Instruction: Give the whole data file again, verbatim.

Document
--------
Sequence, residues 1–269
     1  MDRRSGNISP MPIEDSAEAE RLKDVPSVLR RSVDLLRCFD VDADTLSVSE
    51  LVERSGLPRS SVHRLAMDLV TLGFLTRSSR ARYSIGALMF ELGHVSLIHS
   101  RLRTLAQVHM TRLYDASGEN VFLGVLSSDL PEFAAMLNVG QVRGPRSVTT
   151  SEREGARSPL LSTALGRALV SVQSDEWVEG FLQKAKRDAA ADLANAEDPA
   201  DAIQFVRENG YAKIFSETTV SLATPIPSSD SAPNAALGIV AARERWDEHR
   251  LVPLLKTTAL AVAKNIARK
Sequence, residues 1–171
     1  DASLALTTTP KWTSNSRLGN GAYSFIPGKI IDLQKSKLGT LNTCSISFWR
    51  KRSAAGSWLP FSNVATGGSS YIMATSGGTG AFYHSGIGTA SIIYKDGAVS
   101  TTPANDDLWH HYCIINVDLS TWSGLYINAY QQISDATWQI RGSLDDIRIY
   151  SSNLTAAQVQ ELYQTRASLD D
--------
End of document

Sequence, residues 1–269
     1  MDRRSGNISP MPIEDSAEAE RLKDVPSVLR RSVDLLRCFD VDADTLSVSE
    51  LVERSGLPRS SVHRLAMDLV TLGFLTRSSR ARYSIGALMF ELGHVSLIHS
   101  RLRTLAQVHM TRLYDASGEN VFLGVLSSDL PEFAAMLNVG QVRGPRSVTT
   151  SEREGARSPL LSTALGRALV SVQSDEWVEG FLQKAKRDAA ADLANAEDPA
   201  DAIQFVRENG YAKIFSETTV SLATPIPSSD SAPNAALGIV AARERWDEHR
   251  LVPLLKTTAL AVAKNIARK
Sequence, residues 1–171
     1  DASLALTTTP KWTSNSRLGN GAYSFIPGKI IDLQKSKLGT LNTCSISFWR
    51  KRSAAGSWLP FSNVATGGSS YIMATSGGTG AFYHSGIGTA SIIYKDGAVS
   101  TTPANDDLWH HYCIINVDLS TWSGLYINAY QQISDATWQI RGSLDDIRIY
   151  SSNLTAAQVQ ELYQTRASLD D